Using Lesson Study to bridge between neuro-psychology and mathematics education: trialling a novel approach

Dr Fraser Milton and Dr Annana Adlam (School of Psychology, University of Exeter)

With the rapid advance of neuroscience techniques since the 1990s there has been the prospect of an educational neuroscience to guide educational practice and reforms. However, the basic principles of neuro-education and how these may be translated into educational theory and practice are still uncertain and subject to intense debate. One view is that a translational educational science would go straight into educational practice without being mediated by educational psychology. Others suggest that there is a role for those with educational knowledge to bridge between neuroscience and education. It has also been argued that these translational issues are similar to those that have been experienced over a longer period by educational psychology, with important implications for an educational neuro-science. One implication is that the promise of translating basic science depends on engaging teachers in reflective practice which is open to research informed understanding and knowledge relevant to pedagogic knowledge and using lessons as sites for teacher enquiry.

This project aims to address this translational issue by developing an original use of Lesson Study to facilitate a constructive interaction between specific neuropsychological knowledge and particular mathematics education knowledge and practice. Lesson Study was originally developed in Japan over a century ago as a collaborative form of professional development. We consider that Lesson Study can be a powerful vehicle because of its focus on collaboration (in and outside the classroom), its procedures (a cyclical and iterative process of reviewing, planning and teaching), its ethos (enquiry, openness to knowledge relevant to teaching and parity between participants) and its focus on the lesson and the teaching-learning interactions. This project assumes that Lesson Study can provide the means for translating neuropsychological knowledge into educational thinking and practice and in turn that neuropsychological knowledge can be informed and adapted by the process; seeing the bridging as two-way. This is the key aspect of the originality of the proposed project.

School level mathematical thinking and understanding has been chosen because of its centrality to the school curriculum, while being a major interest for neuroscientists. Using the Lesson Study approach to bridge between neuropsychological knowledge and mathematics education will take the form of setting up Lesson Study teams that includes two maths schoolteachers, University mathematics educational specialists and a neuropsychologist. The project therefore will initiate inter-disciplinary partnerships with HEI and between HEI and schools.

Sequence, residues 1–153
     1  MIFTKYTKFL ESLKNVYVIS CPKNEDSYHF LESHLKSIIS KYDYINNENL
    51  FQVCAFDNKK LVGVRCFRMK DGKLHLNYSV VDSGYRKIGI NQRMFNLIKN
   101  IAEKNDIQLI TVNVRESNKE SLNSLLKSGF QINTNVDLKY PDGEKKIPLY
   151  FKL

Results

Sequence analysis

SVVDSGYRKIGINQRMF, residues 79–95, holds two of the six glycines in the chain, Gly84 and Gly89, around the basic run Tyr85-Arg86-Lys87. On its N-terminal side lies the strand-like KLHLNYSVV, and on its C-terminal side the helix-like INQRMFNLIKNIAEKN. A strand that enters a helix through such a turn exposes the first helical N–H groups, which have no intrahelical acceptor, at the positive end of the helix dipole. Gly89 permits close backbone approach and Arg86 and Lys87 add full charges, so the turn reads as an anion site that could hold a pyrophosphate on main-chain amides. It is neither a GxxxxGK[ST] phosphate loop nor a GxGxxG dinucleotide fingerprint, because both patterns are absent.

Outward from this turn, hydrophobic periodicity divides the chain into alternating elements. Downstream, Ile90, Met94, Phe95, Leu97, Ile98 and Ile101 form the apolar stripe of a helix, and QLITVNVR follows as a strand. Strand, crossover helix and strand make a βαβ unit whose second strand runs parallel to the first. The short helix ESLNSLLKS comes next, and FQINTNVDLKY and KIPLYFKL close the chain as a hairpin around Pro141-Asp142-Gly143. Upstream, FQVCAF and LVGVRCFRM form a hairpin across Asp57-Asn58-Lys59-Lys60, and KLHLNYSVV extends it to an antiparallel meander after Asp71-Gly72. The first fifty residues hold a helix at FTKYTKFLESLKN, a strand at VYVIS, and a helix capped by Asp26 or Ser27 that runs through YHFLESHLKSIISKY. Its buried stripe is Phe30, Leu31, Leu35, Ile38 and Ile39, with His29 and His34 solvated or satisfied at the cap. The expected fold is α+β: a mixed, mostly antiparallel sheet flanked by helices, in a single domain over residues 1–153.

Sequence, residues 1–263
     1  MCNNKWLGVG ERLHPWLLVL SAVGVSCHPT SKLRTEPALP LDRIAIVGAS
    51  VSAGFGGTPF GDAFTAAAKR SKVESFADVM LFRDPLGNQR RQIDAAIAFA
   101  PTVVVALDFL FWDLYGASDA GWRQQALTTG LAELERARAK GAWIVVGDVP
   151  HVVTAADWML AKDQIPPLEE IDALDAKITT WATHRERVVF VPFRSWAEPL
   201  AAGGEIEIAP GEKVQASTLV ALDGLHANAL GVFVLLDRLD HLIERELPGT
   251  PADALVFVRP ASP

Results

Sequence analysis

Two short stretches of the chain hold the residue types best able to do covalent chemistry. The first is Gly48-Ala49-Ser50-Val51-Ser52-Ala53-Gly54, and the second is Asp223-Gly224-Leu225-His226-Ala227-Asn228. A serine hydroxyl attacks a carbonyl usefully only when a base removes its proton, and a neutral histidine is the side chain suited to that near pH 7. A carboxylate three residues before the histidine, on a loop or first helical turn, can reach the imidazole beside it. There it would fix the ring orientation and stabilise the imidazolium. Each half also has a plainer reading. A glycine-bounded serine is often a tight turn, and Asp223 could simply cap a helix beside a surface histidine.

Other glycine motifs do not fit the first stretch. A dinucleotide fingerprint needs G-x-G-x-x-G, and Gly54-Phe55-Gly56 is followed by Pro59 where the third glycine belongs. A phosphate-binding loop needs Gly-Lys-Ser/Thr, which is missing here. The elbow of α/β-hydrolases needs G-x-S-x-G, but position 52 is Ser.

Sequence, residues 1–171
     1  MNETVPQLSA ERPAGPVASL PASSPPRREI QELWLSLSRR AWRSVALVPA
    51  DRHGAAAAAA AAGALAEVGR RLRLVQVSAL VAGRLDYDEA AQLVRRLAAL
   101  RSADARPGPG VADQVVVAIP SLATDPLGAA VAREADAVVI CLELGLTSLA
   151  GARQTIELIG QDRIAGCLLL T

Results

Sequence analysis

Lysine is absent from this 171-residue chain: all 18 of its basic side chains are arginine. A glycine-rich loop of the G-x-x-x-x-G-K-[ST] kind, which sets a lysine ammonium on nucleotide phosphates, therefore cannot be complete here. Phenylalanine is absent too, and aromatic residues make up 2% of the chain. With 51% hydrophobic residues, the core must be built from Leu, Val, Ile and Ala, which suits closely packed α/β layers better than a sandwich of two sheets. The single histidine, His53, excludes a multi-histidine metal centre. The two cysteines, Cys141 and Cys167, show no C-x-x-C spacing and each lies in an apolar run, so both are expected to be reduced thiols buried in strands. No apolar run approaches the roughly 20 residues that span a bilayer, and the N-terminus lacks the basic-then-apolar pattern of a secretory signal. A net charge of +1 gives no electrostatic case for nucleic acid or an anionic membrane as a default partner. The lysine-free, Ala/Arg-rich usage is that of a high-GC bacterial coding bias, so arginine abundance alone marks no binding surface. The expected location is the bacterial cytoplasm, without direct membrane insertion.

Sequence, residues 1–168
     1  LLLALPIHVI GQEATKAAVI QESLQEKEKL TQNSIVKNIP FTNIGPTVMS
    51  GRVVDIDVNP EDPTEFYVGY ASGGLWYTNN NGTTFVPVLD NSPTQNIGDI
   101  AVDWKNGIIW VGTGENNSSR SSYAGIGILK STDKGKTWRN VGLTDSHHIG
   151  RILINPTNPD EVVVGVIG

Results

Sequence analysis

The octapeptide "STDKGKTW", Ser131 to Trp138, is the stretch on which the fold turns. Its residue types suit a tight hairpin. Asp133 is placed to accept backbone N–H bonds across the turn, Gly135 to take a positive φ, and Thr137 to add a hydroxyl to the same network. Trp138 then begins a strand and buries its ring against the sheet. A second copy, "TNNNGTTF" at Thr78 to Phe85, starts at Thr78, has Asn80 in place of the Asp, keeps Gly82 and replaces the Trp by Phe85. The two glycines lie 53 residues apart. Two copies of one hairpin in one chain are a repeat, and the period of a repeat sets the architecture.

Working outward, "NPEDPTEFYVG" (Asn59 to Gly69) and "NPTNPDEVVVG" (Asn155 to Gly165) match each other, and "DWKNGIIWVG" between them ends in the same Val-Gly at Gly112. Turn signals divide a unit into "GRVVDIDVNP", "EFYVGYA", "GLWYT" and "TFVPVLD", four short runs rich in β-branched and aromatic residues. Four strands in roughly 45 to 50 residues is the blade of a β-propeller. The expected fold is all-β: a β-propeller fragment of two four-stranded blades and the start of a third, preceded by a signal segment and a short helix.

Methodologically, we will build on and further develop the Lesson Study model which was successfully established from one of the previous GSE research studies in two key ways, i. extending Lessons Study teams to include neuropsychologists and mathematics education specialist knowledge and ii. to bridge within the Lesson Study teams between research based knowledge about learning and teachers’ pedagogic knowledge. In this cycle, the team will work collaboratively around the 3 key research lessons interspersed between 4 team meetings. All lessons will be video-recorded. After each research lesson the team will have reflective sessions to critically evaluate the learning and redesign the teaching for the next research lesson.

We plan to undertake two Lesson Study trials (one in a primary and the other in a secondary school) that will be evaluated in terms of i. specific mathematics gains in the Lesson Study classes compared to a contrast non-Lesson Study class in the same school, ii. changes in specific math self efficacy between Lesson Study and non-Lesson Study teachers, iii. a discourse analysis of the Lesson Study team’s deliberations (with a focus on the balance of interaction turns, the content of the interactions in 4 team meetings), iii. an analysis of the perspectives on the processes and outcomes of the Lesson Studies of all team members and the case pupils (around whom the research lessons were designed). We expect that class teachers will enhance their professional knowledge/practice and self efficacy, the neuropsychologists will learn about translation issues and perhaps derive new ideas for basic research, the mathematics educators develop their understanding of the relationship between theory and practice in professional learning and the pupils have positive learning outcomes.

The outcomes of these two Lesson Study will provide the basis for further larger scale projects using this novel form of Lesson Study with other forms of knowledge translation in mathematics and other areas of education.  

 

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